==> German Shepherds are very special in their own right
The German Shepherd breed is as distinguished as a composition of Giacomo Puccini
Core Areas of German Shepherd Psychology
If you love your dog a LOT, you may feel closely related to your dog, so close that you may often feel that you two share quite a bit of the same psychology, right?
However, believe it or not, there ARE a few differences between your German Shepherd and yourself.
Or, for that matter, more often misunderstood, between your German Shepherd and your children: Because too many dog owners treat their dog (particularly their puppy) like they treat or would treat their children. Which is very wrong indeed.
Let's look in this PERIODICAL at some core aspects of the psychology of the German Shepherd dog breed, because you have to
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Difference between dog genetics and dog psychology
As a baseline, German Shepherd dogs are fearless, energetic, intelligent and protective. But, while some of the German Shepherd traits are genetic, others are the result of the environment we are providing to our GSD. All these factors impact on our dog's psychology, expressed in its daily behavior.
Therefore it's helpful that we always learn more about our German Shepherd, so that we can become a better caretaker day by day. And so that your dog can become a better caretaker of you too.
To start with, just try for a moment to IMAGINE yourself in your GSD's place, to connect with the dog's psychology. We will start with the rather general and obvious areas, and then smoothly expand this to the more specific and inconspicuous areas.
German Shepherd Dog Psychology
Much simplified, we can start off by saying: The German Shepherd dog has needs and traits like every other domesticated dog, but more extreme. This becomes apparent already with the first facet of the dog's psychology:
While every modern domesticated dog still inherits from its wild-dog ancestors the genetic NEED to be the accepted part of a pack, for the GSD this need is more pronounced because the GSD is a herding dog, and the herd (sheep etc) always has been the dog's pack (together with the shepherd).
But it goes further: What makes domesticated dogs domestic is that they have acquired a genetic NEED to be not just the accepted part of any pack, but the accepted part of a human Pack!
This need for a human Pack in order to stay mentally healthy and balanced is unique in the animal world (as far as I know): No other animal, not even the chimpanzee, needs us humans to stay mentally healthy. Quite the contrary: The presence of humans with their hectic, erratic, and emotional behaviors makes many animals sick.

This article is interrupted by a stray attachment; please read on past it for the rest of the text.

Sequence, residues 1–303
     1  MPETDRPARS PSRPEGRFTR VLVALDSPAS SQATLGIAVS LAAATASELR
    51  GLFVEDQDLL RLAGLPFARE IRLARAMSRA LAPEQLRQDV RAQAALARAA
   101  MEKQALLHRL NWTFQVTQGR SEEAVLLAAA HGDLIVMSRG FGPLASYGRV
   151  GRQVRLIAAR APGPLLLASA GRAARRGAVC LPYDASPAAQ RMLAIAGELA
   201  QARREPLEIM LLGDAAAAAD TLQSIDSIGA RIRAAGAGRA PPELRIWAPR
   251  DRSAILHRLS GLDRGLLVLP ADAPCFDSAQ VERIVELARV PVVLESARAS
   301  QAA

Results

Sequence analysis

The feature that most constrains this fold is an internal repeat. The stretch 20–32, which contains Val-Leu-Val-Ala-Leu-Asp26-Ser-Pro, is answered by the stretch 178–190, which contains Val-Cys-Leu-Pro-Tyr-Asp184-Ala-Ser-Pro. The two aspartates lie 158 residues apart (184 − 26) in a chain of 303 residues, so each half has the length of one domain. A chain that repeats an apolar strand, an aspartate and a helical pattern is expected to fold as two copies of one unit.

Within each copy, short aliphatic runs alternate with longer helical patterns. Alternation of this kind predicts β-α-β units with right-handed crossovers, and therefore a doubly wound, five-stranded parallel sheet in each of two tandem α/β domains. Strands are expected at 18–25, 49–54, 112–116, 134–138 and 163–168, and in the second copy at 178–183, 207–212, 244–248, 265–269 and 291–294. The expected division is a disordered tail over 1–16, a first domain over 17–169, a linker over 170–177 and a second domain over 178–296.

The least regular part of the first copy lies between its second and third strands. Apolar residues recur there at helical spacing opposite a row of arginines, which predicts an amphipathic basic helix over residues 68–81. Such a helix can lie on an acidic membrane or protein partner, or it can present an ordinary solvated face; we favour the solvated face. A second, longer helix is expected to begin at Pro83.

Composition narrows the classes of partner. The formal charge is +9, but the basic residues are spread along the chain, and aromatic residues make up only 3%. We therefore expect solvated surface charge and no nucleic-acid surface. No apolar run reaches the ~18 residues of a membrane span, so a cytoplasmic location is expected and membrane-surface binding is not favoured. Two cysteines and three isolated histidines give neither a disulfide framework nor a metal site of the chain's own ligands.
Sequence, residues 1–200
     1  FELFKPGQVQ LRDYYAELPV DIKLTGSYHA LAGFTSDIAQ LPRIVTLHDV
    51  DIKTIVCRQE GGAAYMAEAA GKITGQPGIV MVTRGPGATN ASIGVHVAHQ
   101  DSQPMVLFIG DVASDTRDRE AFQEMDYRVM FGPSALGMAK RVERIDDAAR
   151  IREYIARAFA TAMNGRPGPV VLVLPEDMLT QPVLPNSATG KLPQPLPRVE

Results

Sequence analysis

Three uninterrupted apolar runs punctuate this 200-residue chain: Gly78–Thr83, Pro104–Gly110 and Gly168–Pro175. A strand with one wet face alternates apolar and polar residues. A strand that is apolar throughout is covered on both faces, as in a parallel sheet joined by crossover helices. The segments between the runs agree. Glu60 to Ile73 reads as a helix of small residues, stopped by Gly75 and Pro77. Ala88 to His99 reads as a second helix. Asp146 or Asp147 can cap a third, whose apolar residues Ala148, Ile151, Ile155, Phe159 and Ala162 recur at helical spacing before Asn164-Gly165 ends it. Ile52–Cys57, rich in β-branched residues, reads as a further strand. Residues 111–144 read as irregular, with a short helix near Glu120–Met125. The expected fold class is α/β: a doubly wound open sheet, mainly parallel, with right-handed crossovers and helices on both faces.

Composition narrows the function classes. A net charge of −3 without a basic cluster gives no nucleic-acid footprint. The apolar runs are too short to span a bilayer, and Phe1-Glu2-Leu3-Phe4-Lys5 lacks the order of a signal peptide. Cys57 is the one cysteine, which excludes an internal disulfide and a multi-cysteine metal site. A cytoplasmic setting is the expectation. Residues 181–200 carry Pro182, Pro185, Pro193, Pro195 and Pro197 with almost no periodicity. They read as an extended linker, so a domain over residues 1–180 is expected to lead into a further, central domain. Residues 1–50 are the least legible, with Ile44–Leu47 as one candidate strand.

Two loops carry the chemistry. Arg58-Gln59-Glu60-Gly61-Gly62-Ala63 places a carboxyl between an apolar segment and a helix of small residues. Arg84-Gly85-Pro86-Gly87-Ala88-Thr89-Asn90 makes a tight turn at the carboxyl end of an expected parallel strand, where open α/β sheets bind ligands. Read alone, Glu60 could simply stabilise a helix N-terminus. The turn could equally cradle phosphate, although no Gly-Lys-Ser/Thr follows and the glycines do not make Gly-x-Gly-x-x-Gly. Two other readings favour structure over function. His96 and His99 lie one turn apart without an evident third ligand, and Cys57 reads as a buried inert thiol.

Now again, this NEED to be the accepted part of a human Pack is much more pronounced in the GSD than it is in other dog breeds like say the Poodle, Terrier or Rottweiler. The experience of its pack structure in a human Pack gives the GSD peace, position, confidence and a sense of belonging. A German Shepherd does not like to be alone.
Does not "like" to be? No, that was the wrong wording. A GSD genetically NEEDS a human Pack to stay healthy. Not feeling to belong to a Pack makes this dog anxious, fearful and aggressive. A GSD feels particularly incomplete without its Pack.
But it goes even further: Like all domesticated dogs and their wild ancestors too(!), the GSD does not just seek to be the accepted part of a human Pack, but to be the accepted Pack leader. The leader of your family, oh yes! Again, this trait is particularly pronounced in the German Shepherd dog breed.
We will of course get back to this in future Periodicals, but let me make clear already here: To have the BEST relationship with your GSD (see our mission statement that you already read on the subscribe page!), you must not let your GSD dominate your family Pack in any way! - Instead, make your GSD an equal part of your family, except as regards food and feeding (see in a future Periodical, why and how).
So, make your dog feel accepted, make your dog feel integrated, but do not let your dog feel (s)he's the boss in the family:
- who can command your attention
- 'tell' you when to throw the Chuckit ball
- when to tug the tug toy
- when to fill the eat-slow bowl with food
- when to get a treat
Give your dog space, responsibility, care, and love beyond feeding and walking your dog. Never exclude your GSD from the family happenings, but don't make your dog the center of the attention either. To match the German Shepherd dog psychology, most of the time an equal treatment in the family Pack is best (with the exception mentioned above).
Guarding the herd